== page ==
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This eBook from the Gutenberg Project consists of approximately 287 pages of information about 100%.

“I mean to break it! mean to break every bone in your body!  I’ll tear your finger-nails out; I’ll tear the eyes out of your head, if I have to!  You tell me who helped you make that bomb!”

Peter broke out in a storm of agonized protest; he had never heard of any bomb, he didn’t know what the man was talking about; he writhed and twisted and doubled himself over backward, trying to evade the frightful pain of that pressure on his finger.

“You’re lying!” insisted Guffey.  “I know you’re lying.  You’re one of that crowd.”

“What crowd?  Ouch!  I dunno what you mean!”

“You’re one of them Reds, aint you?”

“Reds?  What are Reds?”

“You want to tell me you don’t know what a Red is?  Aint you been giving out them circulars on the street?”

“I never seen the circular!” repeated Peter.  “I never seen a word in it; I dunno what it is.”

“You try to stuff me with that?”

“Some woman gimme that circular on the street!  Ouch!  Stop!  Jesus!  I tell you I never looked at the circular!”

“You dare go on lying?” shouted the man, with fresh access of rage.  “And when I seen you with them Reds?  I know about your plots, I’m going to get it out of you.”  He grabbed Peter’s wrist and began to twist it, and Peter half turned over in the effort to save himself, and shrieked again, in more piercing tones, “I dunno!  I dunno!”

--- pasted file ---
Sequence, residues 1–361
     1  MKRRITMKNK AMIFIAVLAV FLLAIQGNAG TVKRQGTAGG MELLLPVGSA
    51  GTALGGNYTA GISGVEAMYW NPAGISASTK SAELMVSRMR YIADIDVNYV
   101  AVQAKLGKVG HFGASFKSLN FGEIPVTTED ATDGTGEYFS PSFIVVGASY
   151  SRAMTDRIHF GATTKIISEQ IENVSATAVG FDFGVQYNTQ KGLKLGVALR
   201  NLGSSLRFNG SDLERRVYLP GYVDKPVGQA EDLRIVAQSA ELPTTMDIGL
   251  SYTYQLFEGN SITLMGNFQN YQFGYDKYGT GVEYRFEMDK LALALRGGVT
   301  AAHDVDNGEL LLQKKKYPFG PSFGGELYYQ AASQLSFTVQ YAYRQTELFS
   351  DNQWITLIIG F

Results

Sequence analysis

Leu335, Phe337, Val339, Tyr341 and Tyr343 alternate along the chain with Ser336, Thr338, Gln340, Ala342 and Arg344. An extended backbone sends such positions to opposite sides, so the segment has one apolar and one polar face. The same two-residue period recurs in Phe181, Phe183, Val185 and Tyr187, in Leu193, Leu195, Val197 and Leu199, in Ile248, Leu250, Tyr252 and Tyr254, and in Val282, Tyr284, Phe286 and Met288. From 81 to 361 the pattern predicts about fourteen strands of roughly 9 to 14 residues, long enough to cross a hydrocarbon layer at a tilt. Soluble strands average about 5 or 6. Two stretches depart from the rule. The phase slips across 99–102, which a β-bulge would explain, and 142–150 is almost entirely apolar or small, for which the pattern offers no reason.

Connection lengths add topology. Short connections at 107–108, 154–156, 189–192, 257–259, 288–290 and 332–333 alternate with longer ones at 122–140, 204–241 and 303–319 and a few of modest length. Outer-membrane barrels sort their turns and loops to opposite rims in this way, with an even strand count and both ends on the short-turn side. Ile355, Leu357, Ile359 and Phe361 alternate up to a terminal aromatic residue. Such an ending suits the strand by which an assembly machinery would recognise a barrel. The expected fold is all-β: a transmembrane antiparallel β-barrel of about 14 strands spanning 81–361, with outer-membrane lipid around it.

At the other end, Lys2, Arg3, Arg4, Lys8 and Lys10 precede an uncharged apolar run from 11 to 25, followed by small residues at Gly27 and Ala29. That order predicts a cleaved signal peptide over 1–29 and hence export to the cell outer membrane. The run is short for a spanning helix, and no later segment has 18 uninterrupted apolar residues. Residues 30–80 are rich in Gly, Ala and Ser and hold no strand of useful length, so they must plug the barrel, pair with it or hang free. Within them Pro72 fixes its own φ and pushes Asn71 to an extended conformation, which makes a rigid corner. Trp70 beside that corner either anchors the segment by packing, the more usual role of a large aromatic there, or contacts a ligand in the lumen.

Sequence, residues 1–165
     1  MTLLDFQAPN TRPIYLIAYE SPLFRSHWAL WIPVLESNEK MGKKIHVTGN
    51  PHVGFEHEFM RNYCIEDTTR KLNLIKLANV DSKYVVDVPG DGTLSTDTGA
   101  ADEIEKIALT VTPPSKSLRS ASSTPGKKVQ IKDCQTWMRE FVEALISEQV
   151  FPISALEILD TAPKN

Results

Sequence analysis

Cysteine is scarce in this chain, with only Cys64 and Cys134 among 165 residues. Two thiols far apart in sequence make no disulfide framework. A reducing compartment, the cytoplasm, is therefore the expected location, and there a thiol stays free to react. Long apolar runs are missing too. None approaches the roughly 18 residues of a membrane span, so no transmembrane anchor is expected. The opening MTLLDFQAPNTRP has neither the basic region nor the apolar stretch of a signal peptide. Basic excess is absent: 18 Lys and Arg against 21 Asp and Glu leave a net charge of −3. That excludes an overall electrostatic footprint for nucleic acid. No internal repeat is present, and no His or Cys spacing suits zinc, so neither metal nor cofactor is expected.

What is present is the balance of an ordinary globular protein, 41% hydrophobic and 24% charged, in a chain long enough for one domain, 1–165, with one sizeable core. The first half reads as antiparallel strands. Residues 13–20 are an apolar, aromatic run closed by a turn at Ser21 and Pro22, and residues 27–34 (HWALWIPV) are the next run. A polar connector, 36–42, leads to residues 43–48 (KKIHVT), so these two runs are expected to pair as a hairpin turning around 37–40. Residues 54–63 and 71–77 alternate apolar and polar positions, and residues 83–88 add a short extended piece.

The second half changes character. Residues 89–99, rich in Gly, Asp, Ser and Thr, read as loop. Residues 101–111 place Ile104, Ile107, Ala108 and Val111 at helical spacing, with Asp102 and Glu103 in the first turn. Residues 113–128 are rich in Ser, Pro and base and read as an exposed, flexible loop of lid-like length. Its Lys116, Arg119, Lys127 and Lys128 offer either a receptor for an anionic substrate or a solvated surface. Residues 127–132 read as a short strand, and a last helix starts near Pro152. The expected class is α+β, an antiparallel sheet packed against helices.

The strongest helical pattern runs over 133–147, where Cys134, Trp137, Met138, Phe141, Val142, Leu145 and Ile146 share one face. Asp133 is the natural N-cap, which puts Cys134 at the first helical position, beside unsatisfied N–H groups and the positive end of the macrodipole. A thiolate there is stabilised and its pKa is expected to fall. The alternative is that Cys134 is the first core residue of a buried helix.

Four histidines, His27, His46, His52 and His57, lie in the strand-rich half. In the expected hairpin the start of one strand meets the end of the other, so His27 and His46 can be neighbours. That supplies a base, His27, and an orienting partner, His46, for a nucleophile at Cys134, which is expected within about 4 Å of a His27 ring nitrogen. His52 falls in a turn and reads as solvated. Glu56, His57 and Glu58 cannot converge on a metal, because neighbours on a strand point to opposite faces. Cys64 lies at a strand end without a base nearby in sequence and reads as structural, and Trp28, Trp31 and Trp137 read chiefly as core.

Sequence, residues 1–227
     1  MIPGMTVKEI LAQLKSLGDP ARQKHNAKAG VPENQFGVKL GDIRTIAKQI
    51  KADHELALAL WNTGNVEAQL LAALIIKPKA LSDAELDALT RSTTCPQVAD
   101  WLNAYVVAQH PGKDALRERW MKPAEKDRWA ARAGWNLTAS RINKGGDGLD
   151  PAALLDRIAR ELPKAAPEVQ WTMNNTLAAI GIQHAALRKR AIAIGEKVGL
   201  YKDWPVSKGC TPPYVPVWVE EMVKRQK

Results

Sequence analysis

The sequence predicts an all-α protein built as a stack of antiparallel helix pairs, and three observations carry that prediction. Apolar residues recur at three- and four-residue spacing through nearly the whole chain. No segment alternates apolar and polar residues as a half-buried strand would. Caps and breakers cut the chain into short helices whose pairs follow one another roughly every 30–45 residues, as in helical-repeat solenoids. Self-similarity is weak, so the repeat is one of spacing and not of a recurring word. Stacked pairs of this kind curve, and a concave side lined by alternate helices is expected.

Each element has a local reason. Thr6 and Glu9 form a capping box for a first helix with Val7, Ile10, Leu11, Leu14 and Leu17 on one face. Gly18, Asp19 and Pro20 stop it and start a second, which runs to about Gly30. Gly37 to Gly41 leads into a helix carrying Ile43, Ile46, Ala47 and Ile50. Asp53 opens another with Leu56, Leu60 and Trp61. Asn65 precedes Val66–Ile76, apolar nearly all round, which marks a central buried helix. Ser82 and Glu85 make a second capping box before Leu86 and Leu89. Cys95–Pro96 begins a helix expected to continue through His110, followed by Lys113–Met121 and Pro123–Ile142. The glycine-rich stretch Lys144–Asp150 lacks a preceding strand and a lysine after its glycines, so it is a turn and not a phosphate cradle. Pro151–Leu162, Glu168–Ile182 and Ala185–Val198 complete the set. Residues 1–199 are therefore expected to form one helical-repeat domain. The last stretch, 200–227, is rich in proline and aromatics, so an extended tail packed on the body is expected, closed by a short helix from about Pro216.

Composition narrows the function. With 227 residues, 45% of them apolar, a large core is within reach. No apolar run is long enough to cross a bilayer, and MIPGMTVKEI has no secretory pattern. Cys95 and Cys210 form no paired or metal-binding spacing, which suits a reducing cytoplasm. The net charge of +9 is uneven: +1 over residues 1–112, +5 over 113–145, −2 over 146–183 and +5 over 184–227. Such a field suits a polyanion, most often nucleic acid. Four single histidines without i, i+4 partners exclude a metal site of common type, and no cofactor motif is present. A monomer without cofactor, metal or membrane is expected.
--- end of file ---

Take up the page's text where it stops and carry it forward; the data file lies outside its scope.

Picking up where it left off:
“What’s them fellows done for you that you protect them?” demanded the other.  “What good’ll it do you if we hang you and let them escape?”

But Peter only screamed and wept the louder.

“They’ll have time to get out of town,” persisted the other.  “If you speak quick we can nab them all, and then I’ll let you go.  You understand, we won’t do a thing to you, if you’ll come thru and tell us who put you up to this.  We know it wasn’t you that planned it; it’s the big fellows we want.”

He began to wheedle and coax Peter; but then, when Peter answered again with his provoking “I dunno,” he would give another twist to Peter’s wrist, and Peter would yell, almost incoherent with terror and pain—­but still declaring that he could tell nothing, he knew nothing about any bomb.

So at last Guffey wearied of this futile inquisition; or perhaps it occurred to him that this was too public a place for the prosecution of a “third degree”—­there might be some one listening outside the door.  He stopped twisting Peter’s wrist, and tilted back Peter’s head so that Peter’s frightened eyes were staring into his.

“Now, young fellow,” he said, “look here.  I got no time for you just now, but you’re going to jail, you’re my prisoner, and make up your mind to it, sooner or later I’m going to get it out of you.  It may take a day, or it may take a month, but you’re going to tell me about this bomb plot, and who printed this here circular opposed to Preparedness, and all about these Reds you work with.  I’m telling you now—­so you think it over; and meantime, you hold your mouth, don’t say a word to a living soul, or if you do I’ll tear your tongue out of your throat.”

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